5
\$\begingroup\$

This is a function to detect cycles in a back-trace. For example a cycle ('b', 'c', 'd') proceeded with 'a' could be:

>>> __cycles_detection(['a', 'b', 'c', 'd', 'b', 'c', 'd', 'b', 'c', 'd'])
(('b', 'c', 'd'),)

Args - funs (List[str]): functions list

Returns - list: the different cycles present in the back-trace

Can this algorithm be improved?

def __cycles_detection(funs):
    positions = {}
    for i in range(len(funs)):
        fun = funs[i]
        if fun in positions:
            positions[fun].append(i)
        else:
            positions[fun] = [i]

    lengths = {}
    for k, v in positions.items():
        if len(v) >= 2:
            l = v[1] - v[0]
            good = True
            for i in range(2, len(v)):
                if v[i] - v[i - 1] != l:
                    good = False
                    break
            if good:
                if l in lengths:
                    lengths[l].append((k, v))
                else:
                    lengths[l] = [(k, v)]

    cycles = []
    for k, v in lengths.items():
        l = sorted(v, key=lambda x: x[1][0])
        pat = []
        container = [l[0][0]]
        pos = l[0][1][0]
        for i in range(1, len(l)):
            _pos = l[i][1][0]
            if _pos == pos + 1:
                container.append(l[i][0])
                pos = _pos
            else:
                pat.append(tuple(container))
                container = [l[i][0]]
                pos = _pos

        pat.append(tuple(container))
        cycles += pat

    cycles = tuple(cycles)

    return cycles
\$\endgroup\$
  • 1
    \$\begingroup\$ Could you please post a simple usage example ? \$\endgroup\$ – яүυк Sep 14 '16 at 10:13
  • 2
    \$\begingroup\$ One of the reasons this is hard to review is that you don't clarify what things are doing and your variables/inline documentation do not help. \$\endgroup\$ – enderland Sep 14 '16 at 13:18
  • \$\begingroup\$ I agree with enderland here, do you have example use cases and their output to clarify what you're doing? \$\endgroup\$ – Mast Sep 14 '16 at 13:19
  • 5
    \$\begingroup\$ I expanded the very small example input you gave us, "This is a function to detect cycles in a back-trace [a,b,c,d,b,c,d,b,c,d...]". Feel free to edit my changes, and if you could add some more cycles it would be appreciated. Your word definition of this algorithm seems to want __cycles_detection([1, 2, 3, 1, 2, 3, 1, 2, 3, 1, 2, 1, 2, 1, 2]) to output ((1, 2, 3), (1, 2)) rather than ((3,),). \$\endgroup\$ – Peilonrayz Sep 14 '16 at 13:45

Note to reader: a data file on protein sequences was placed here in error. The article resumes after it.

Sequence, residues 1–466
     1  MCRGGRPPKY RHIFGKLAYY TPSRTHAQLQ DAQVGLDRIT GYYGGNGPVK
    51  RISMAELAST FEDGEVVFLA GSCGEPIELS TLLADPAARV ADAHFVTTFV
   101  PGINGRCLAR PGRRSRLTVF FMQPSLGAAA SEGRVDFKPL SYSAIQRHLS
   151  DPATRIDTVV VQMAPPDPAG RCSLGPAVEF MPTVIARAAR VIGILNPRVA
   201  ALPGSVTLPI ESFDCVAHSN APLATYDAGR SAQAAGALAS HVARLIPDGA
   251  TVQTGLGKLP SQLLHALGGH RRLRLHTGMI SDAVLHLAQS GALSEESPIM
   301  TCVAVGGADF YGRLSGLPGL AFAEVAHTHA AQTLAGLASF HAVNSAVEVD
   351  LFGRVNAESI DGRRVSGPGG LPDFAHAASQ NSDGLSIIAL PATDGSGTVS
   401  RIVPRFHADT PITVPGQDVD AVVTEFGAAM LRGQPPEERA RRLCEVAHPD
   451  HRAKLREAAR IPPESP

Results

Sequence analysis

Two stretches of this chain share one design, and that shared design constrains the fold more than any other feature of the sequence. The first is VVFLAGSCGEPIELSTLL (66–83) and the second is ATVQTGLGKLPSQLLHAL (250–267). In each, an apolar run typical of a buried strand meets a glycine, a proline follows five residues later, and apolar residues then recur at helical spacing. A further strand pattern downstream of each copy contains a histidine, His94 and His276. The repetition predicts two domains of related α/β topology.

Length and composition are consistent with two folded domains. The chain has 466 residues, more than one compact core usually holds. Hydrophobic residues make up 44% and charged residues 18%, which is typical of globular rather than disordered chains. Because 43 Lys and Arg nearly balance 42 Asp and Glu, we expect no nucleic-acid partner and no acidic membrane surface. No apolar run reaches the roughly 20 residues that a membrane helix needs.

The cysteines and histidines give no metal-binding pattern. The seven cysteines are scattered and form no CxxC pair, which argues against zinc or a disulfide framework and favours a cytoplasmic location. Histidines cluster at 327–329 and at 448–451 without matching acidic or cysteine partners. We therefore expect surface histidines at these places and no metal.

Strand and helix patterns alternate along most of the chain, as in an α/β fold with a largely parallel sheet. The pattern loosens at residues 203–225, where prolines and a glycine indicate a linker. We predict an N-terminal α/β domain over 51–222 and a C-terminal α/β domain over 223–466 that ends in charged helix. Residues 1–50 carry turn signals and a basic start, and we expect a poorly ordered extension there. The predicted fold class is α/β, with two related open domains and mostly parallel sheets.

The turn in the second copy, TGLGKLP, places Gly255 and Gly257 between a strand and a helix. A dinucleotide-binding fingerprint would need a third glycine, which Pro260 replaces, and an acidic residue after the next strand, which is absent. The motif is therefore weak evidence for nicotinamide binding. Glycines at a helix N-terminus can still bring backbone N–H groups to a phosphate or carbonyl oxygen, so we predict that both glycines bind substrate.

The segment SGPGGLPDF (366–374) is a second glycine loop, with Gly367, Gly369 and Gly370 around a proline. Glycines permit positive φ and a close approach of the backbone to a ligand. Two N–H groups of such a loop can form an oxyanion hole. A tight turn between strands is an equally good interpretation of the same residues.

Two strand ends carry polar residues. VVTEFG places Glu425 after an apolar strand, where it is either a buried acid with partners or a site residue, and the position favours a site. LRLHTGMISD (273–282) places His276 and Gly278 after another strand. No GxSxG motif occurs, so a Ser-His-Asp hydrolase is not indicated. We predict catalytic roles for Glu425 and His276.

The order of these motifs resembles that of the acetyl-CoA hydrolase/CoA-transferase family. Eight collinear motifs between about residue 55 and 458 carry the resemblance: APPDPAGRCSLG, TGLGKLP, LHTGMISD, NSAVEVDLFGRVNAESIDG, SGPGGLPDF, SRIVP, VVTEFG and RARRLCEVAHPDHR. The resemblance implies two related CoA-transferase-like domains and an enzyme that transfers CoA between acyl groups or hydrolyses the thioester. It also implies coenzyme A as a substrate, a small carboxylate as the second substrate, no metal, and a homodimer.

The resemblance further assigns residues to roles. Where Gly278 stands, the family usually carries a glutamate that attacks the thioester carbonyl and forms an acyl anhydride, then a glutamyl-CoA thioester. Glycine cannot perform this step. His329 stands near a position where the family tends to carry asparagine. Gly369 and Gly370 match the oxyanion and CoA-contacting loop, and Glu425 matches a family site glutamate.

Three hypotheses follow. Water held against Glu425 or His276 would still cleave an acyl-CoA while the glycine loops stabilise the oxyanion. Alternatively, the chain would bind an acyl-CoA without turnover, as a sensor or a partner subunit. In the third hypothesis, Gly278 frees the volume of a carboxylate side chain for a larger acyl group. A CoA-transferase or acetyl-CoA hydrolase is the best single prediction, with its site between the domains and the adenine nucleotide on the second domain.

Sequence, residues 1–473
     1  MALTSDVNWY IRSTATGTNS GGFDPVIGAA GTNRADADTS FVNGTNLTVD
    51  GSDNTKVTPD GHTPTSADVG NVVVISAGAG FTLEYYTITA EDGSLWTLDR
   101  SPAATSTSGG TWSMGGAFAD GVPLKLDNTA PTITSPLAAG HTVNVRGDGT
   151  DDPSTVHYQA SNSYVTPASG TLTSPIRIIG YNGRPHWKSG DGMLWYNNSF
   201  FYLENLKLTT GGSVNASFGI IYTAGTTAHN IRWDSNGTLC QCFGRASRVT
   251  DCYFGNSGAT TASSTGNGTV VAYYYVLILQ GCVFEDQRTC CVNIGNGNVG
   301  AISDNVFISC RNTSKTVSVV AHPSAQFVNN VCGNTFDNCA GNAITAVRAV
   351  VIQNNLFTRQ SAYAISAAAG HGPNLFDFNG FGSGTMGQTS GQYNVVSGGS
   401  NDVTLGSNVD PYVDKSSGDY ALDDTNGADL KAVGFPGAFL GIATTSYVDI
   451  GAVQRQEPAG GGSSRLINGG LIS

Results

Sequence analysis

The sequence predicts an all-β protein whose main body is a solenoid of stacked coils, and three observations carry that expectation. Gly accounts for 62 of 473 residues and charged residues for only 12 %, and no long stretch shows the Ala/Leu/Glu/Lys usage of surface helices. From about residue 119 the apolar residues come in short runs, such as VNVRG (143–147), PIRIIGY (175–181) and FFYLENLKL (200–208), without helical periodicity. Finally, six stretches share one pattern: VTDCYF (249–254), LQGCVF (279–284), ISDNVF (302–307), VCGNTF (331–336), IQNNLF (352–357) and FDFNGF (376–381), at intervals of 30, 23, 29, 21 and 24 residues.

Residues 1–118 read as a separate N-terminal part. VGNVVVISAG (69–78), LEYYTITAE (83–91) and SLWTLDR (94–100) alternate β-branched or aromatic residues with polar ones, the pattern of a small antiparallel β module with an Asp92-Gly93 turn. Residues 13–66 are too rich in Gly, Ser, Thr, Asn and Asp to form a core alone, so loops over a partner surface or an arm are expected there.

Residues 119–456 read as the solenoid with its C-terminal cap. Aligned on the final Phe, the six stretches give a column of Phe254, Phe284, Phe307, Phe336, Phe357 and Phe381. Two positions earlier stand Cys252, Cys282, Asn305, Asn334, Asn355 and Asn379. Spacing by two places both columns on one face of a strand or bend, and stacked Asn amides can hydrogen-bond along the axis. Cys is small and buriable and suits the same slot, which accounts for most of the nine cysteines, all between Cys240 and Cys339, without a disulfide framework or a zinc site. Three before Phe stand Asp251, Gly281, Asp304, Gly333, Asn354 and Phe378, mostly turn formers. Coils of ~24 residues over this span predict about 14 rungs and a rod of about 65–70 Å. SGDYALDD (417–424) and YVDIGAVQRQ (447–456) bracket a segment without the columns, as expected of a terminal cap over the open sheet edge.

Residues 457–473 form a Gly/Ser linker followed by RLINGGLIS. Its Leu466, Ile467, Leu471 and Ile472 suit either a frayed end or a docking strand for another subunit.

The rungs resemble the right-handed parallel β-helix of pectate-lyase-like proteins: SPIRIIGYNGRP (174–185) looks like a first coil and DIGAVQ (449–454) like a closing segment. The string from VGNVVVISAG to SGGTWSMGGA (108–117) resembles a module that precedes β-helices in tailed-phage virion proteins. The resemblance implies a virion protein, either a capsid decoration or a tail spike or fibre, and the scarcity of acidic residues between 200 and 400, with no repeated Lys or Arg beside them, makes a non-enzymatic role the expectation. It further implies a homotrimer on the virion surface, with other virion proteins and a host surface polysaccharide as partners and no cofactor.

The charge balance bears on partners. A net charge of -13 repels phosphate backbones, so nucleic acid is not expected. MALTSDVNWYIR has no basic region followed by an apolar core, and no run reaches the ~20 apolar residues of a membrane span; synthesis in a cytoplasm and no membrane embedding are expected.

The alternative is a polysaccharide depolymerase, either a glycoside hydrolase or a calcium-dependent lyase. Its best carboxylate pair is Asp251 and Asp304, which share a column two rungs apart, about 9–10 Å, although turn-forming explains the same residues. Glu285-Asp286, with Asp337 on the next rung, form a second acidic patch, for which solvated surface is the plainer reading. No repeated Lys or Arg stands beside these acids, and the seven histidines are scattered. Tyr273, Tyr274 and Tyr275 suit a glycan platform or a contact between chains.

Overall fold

1
\$\begingroup\$

In fact, there isn't a single solution to find consecutive repetitions (cycles) in a sequence.

Here is an algorithm to find all repetition in a sequence.

def cycles_detection(funs):
    # Bigger cycle size first
    for size in reversed(range(2, 1 + len(funs) // 2)):
        # Find all consecutive sequences of size `size`
        for start in range(size):
            # Split the list by slices of size `size`, starting at position `start`
            end = size * ((len(funs) - start) // size) + start
            sequences = [tuple(funs[i:i + size]) for i in range(start, end, size)]
            sequences = filter(None, [tuple(funs[:start])] + sequences + [tuple(funs[end:])])

            # Init repetition to 1 then calculate consecutive repetitions
            groups = [(seq, 1) for seq in sequences]
            packing = [groups.pop(0)]
            while groups:
                prev_grp = packing[-1]
                next_grp = groups.pop(0)
                if prev_grp[0] == next_grp[0]:
                    packing[-1] = (prev_grp[0], prev_grp[1] + next_grp[1])
                else:
                    packing.append(next_grp)

            # has cycle if any repetition is greater than 2
            has_cycle = any(grp[1] > 1 for grp in packing)
            if has_cycle:
                print(packing)

With the following sequence, you'll have 3 possible solutions:

cycles_detection(['a', 'b', 'c', 'd', 'b', 'c', 'd', 'b', 'c', 'd', 'a'])

You'll get:

[(('a', 'b', 'c'), 1), (('d', 'b', 'c'), 2), (('d', 'a'), 1)]
[(('a',), 1), (('b', 'c', 'd'), 3), (('a',), 1)]
[(('a', 'b'), 1), (('c', 'd', 'b'), 2), (('c', 'd', 'a'), 1)]

Each list has tuple of the form (sequence, repetition), where:

  • sequence is a sub-sequence in funs (repeated or not),
  • repetition is the number of occurence of consecutive sequences.

The question is: How to find the best result? Is it the longest repeated sequence, or the most repeated sequence?

\$\endgroup\$

Your Answer

By clicking “Post Your Answer”, you agree to our terms of service, privacy policy and cookie policy

Not the answer you're looking for? Browse other questions tagged or ask your own question.